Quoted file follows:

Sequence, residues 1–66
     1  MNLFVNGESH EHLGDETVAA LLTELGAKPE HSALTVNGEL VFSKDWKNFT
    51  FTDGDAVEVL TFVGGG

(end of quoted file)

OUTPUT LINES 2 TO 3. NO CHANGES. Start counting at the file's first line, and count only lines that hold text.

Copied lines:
     1  MNLFVNGESH EHLGDETVAA LLTELGAKPE HSALTVNGEL VFSKDWKNFT
    51  FTDGDAVEVL TFVGGG